UK Games Expo 2017 – Day 3 Round Up
Day three of the UK Games Expo was our last chance to get around the show floor and see if we had missed anything. There was limited time on Sunday as the floor would close at 4pm. There would also be no open gaming at the Hilton afterwards, as there had been through the previous two evenings.
Sunday morning was perhaps the busiest we had seen the show floor. The feedback from a lot of the publishers and shop booths was that they had assumed the punters who had been at the show all weekend had made their choices and were now ready to buy. As were we. Steven picked up some classics such as Catan, Carcassonne and Ticket to Ride. Ben picked up some Pokémon Cards for his daughter and a couple of family friendly games from TMG and Devir.
On the family friendly front, Ben also found Play Fusion and their product, Lightseekers Awakening. After managing to make his way through the very busy booth and grab the attention of Willie, he was able to learn some more about the interactive toys, app and Augmented Reality cards.
“What we have is three separate products. The app works as a game. The toys are just that. And the cards work as a really great, in-depth collectible card game. However, the magic really happens when you bring all three together. The toys connect to the app via bluetooth and have sensors such as gyroscopes inside that let you control the flight of creatures on the iPad app. The app can recognise when you add different attachments to the toys so you can have different weapons etc. in the game. All the cards have a unique code on them that the Augmented Reality side of the app can recognise, and these can unlock new items or provide time limited buffs to the in-game characters.” Willie tries to show me one of the toys working, but all their booth iPads are being used and it’s clear that not all of the toys are working.
“This is the first time we’ve shown the product at a consumer show, so the toys have taken a real pounding over the past few days. Typically you can charge them up within 10 minutes and they will last for days. But with the constant use they’ve had over the last three days they’re running a bit low at the moment.”
Sunday certainly seems to have been the biggest day for families attending the UK Games Expo. After the early morning rush of the weekend punters coming in to buy games, the attendance in the hall eased off and it was mostly families that were left behind. This was evident as the busiest booths were those with family oriented games, such as Mayfair and the stalls that were selling Pokémon cards and the likes. Open gaming also bustled with families throughout the day.
Every exhibitor that we spoke to was keen to express that they would be back next year, and each one of them hoped for more space or a better position within the hall. Michael Pearson, Press-Media Manager for the UK Games Expo, alluded this also.
“We’ve seen a 40% growth in exhibitors alone this year. They all want to come back, year on year, and they all want more space. Games Workshop came for the first time this year, and they wanted more space. However, they were late in replying so the space they got was all that was left.”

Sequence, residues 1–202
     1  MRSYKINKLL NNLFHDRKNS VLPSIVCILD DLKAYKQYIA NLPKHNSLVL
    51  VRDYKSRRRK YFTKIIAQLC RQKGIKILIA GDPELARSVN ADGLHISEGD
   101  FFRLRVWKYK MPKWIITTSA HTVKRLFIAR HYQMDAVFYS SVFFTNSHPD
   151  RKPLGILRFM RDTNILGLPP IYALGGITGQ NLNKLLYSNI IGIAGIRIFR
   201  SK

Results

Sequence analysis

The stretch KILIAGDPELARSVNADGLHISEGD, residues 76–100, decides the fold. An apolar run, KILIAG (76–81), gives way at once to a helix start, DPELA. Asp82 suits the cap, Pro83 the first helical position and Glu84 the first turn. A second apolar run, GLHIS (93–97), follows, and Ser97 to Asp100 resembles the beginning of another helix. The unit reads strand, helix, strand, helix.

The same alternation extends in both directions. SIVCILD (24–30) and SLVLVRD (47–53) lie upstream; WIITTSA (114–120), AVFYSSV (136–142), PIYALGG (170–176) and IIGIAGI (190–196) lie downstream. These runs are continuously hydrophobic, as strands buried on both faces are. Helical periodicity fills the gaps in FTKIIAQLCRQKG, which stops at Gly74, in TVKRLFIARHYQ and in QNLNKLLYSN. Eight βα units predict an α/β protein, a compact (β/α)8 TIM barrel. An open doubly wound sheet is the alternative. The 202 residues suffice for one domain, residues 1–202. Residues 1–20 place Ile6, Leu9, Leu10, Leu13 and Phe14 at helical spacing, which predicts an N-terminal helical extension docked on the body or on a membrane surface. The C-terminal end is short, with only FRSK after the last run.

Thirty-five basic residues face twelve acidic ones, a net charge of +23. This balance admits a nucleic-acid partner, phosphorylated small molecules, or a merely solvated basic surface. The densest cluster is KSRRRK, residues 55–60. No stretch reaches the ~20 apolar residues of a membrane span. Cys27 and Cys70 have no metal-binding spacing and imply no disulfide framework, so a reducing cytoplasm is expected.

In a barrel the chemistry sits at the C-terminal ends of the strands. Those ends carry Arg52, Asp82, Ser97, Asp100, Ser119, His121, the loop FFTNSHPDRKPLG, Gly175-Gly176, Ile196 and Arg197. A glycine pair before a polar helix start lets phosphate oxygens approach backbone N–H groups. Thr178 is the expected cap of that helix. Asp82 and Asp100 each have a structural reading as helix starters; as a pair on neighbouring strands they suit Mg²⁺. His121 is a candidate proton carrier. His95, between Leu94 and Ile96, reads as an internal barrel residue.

We asked Michael about the attendance numbers, quoting the rise in figures from 14,000 visitors (c7,000 unique) in 2015, to 25,000 (12,500 unique) in 2016.
“It’s up again. We don’t have the final numbers yet, but there was talk of over 15,000 through the door on Saturday alone. We reckon there’s going to be around a 40% increase over last year. Next year we are going to need more space again.”
UK Games Expo 2018 has in fact just been announced. Indeed they have booked out Halls 1&2 of the NEC, giving them over 40% more floor space than in 2017.
We haven’t had the numbers confirmed yet, but Wikipedia suggests that the 2017 attendance was 31,000 across the three days (16,500 unique), which is not quite the 40% that Michael predicted, but is still a steady rise in numbers.
With just an hour left of the show floor being open, attention was focused on the Main Stage. Attendees had the opportunity to vote throughout the weekend on a variety of awards, and now was time to reveal the winners. This would present the chance for developers to shout out their game had won an award, hoping to catch a few more sales before the end of the show. (See the bottom of this post for the award winners).
There was more competition to be had than just between the game developers. Throughout the weekend, a variety of competitions had been hosted in Hall 3A, and Sunday saw the finals coming to a close. Steven had stuck his head in to check out the action on Saturday, and the tables were packed with competitors. With competitions in Hey, That’s my Fish! Ticket to Ride, Star Wars Armada and more, there was something for everyone. Some of these contests, such as the Catan one, were the National Championships. Victory would gain you entry into the World Championships held later in the year.
As the UK Games Expo came to an end everyone was heading off back to car parks or public transport hubs with bags full of games, us included. Strangers were chatting at bus stops, comparing their loot, and everyone was in good spirits. We began our 5 hour drive back up to Glasgow and talked board games for most of the journey. I totally underestimated the UK Games Expo in both its sheer scale and in the variety of stalls and events that were on hand. As mentioned earlier, UK Games Expo 2018 has already been announced and I think it is safe to say that we already can’t wait for next year!
In the mean time, look out for some upcoming board game reviews on the website.